You may think it’s important, but does your customer? Is what you’re sharing with the customer nothing but a statement we’ll call a blinding flash of the obvious?

I was just in Australia and saw this sign, “Danger Crocodiles,” with the words “No Swimming.” Excuse me, but did I miss something with my limited knowledge of crocodiles and what they can do to people?

The words “No Swimming” are obvious, as only an idiot would do that.  If you’re selling to idiots, then maybe restating things like found on the sign are necessary, but my guess is you’re not selling to idiots and instead you are selling to very smart people.

When was the last time you assessed what you shared with prospects and customers? Are you guilty of something as lame as this sign?

I know you’re saying, “But hey, it’s important to be very clear and state things multiple times to make sure a customer understands.”   Yes, that’s right, but it’s not permission to see if they understand information that in the end is something they don’t need to know.

Worst example of what I’m talking about is the old capabilities presentation every salesperson would take a new customer through the first time they met with them. You know the presentation — it was the one with 40 PowerPoint slides and mind-numbing pictures and facts about how great your company is.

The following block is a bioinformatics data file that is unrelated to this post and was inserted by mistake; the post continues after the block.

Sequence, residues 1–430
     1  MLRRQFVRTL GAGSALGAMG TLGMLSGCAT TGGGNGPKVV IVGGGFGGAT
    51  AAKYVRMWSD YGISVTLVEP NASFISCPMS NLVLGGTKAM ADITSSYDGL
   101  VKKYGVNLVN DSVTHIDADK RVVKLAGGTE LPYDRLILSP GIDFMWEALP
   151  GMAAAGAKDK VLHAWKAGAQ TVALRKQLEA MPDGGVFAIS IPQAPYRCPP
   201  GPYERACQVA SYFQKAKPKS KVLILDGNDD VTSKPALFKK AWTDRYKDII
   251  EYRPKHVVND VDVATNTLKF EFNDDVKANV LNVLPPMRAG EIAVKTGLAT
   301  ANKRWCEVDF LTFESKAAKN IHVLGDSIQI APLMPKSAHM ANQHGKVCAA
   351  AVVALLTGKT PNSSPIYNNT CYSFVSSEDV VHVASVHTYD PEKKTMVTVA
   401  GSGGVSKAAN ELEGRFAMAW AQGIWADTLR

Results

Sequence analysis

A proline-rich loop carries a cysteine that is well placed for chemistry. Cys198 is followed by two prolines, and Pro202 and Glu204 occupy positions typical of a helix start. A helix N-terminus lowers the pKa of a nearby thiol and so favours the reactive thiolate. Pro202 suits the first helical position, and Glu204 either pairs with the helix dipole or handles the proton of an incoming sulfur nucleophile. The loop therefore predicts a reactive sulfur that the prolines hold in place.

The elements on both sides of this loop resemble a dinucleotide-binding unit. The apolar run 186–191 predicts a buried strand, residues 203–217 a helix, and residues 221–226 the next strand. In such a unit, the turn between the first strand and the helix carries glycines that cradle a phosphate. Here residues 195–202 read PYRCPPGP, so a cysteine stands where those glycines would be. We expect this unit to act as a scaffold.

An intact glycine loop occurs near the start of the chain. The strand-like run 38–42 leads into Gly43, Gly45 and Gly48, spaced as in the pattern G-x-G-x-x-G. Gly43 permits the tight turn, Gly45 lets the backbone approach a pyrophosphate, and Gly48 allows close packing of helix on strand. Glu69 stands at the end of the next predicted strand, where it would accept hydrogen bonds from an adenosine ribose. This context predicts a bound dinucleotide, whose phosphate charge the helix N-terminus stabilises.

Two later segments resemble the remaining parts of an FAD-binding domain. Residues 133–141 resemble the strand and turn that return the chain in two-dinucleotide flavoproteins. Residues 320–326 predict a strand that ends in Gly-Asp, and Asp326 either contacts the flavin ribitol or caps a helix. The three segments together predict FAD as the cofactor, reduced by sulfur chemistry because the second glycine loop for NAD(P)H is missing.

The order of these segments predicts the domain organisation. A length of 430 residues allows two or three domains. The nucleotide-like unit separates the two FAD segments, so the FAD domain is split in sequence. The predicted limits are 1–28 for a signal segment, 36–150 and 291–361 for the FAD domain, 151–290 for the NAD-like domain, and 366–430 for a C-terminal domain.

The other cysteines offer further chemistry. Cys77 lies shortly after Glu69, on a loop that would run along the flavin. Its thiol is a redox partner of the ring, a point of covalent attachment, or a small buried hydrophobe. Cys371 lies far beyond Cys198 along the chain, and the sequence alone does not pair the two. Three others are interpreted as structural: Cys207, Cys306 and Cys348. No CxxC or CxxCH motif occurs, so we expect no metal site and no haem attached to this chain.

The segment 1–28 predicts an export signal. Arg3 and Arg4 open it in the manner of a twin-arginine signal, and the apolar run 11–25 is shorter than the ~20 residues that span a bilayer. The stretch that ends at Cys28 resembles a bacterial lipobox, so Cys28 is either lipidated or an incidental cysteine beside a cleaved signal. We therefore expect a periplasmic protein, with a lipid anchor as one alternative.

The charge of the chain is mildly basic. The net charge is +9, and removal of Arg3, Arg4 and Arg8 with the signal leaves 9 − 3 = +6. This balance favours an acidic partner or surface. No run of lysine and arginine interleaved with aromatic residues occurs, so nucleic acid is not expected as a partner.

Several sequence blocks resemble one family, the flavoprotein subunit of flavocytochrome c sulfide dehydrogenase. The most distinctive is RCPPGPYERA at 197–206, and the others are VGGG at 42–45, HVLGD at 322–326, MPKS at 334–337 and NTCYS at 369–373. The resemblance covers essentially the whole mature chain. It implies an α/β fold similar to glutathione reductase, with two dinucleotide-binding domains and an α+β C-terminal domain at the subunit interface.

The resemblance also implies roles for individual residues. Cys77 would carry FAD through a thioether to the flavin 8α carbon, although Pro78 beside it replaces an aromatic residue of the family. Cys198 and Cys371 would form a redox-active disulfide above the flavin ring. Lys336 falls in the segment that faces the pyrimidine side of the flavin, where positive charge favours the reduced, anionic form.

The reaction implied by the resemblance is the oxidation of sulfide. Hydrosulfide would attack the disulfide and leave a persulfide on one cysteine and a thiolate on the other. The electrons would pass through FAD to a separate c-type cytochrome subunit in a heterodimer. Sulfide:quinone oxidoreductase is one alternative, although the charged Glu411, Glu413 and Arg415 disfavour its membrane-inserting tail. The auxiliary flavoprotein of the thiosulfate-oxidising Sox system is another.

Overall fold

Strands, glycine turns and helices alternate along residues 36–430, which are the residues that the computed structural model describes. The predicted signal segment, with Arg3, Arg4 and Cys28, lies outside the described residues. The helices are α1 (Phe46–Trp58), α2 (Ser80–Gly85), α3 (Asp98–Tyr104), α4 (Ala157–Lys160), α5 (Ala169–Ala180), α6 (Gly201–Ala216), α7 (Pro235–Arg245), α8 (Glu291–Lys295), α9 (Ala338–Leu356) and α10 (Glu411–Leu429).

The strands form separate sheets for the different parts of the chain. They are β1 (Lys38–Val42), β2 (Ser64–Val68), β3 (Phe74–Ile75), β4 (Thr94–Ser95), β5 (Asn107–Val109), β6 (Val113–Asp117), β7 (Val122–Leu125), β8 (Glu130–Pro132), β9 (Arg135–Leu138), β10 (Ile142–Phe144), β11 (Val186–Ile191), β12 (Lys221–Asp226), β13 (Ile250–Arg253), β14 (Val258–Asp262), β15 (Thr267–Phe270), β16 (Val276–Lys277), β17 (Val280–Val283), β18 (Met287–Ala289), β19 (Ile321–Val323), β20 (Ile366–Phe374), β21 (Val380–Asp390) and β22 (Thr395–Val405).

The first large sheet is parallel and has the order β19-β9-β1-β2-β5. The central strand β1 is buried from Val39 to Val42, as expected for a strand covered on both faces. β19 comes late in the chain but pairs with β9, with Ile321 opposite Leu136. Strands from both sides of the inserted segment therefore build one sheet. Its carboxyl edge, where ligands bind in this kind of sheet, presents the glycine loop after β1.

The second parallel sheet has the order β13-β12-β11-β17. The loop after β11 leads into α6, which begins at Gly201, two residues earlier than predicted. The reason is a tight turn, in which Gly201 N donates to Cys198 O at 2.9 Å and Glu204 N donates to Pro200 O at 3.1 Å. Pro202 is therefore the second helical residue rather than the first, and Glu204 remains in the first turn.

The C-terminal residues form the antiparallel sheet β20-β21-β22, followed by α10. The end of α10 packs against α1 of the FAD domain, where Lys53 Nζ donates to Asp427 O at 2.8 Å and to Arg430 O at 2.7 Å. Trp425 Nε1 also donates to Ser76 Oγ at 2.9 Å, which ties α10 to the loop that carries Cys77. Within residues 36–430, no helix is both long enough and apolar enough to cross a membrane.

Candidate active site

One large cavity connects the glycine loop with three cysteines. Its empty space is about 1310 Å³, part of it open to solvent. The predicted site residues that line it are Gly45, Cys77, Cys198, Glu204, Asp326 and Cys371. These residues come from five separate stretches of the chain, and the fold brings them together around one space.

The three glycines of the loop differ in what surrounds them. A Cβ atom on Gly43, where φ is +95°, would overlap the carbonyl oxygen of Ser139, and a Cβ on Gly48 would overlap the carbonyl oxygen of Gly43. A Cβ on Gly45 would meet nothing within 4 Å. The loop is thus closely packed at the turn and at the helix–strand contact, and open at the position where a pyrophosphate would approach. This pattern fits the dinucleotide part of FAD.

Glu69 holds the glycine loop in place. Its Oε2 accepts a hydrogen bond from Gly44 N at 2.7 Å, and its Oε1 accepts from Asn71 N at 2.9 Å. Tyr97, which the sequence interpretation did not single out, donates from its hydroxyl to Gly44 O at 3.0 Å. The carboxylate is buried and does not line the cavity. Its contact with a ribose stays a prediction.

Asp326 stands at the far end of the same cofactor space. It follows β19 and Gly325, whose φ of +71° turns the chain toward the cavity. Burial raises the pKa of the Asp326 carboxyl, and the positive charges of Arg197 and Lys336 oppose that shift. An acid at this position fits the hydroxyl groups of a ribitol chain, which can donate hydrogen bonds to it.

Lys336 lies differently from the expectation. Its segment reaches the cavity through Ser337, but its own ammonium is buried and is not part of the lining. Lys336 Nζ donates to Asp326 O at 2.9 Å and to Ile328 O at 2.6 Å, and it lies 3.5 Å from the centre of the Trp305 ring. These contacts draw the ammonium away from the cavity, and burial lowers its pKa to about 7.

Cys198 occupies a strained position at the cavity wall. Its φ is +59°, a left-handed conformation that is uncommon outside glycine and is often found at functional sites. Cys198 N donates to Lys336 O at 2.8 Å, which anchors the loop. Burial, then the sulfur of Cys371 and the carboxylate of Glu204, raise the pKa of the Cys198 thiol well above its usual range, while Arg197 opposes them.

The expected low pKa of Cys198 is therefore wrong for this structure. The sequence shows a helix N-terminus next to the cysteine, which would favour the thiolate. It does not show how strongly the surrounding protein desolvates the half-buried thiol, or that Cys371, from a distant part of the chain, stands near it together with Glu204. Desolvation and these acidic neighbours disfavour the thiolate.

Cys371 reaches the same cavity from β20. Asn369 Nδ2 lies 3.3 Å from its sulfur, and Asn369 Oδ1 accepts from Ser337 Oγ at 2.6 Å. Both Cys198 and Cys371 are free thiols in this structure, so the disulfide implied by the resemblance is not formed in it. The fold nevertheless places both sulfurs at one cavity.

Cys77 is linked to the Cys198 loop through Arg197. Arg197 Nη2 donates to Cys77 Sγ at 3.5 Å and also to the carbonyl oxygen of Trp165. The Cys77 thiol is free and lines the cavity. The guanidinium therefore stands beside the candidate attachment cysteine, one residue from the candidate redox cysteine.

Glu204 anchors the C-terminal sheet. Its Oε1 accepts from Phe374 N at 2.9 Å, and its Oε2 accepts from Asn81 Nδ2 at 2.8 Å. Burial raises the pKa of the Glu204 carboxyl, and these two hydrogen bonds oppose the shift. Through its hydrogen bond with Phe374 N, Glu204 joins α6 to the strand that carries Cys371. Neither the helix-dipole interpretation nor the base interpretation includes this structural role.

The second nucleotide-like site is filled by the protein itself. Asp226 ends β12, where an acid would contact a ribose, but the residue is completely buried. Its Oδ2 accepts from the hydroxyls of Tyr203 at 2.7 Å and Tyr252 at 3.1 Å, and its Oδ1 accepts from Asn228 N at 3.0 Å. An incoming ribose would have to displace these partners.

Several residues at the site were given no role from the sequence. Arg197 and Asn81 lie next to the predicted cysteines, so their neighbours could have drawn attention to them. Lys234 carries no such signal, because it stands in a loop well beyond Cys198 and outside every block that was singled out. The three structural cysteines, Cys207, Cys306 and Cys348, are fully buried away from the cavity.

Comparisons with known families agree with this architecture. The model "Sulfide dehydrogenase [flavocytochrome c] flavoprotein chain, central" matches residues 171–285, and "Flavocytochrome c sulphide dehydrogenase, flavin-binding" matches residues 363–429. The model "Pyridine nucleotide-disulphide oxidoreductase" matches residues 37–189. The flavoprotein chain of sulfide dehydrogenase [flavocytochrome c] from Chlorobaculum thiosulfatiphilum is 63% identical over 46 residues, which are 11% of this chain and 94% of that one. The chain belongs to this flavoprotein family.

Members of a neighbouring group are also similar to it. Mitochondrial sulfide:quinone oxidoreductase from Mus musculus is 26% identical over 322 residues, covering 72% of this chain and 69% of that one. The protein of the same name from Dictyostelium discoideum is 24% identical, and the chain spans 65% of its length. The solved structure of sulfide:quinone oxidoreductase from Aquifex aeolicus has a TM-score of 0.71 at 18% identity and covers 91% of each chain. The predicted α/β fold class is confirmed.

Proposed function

We are past the era of delivering those, but too many salespeople still sneak into their presentations multiple times little pieces of information and facts that are simply not necessary.

We must be mindful to not only respect the customer’s time, but also their intellect. We can’t assume they don’t know. If we suspect they don’t know, then that’s where a question comes into play. The more we engage our customers, the more we will understand what they do or do not understand. In the end, we’ll be able to speed up the selling process and by doing so create more value for them.

The easiest way to cut out the unnecessary is by having the rule of not presenting anything before leading with a question to verify if what you’re going to share is relevant.

In case you’re wondering, no, I did not go swimming. Just something about my desire to not become a video that goes viral on the internet showing a crocodile having lunch with me.


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Copyright 2017, Mark Hunter “The Sales Hunter.” Sales Motivation Blog. Mark Hunter is the author of High-Profit Prospecting: Powerful Strategies to Find the Best Leads and Drive Breakthrough Sales Results.  


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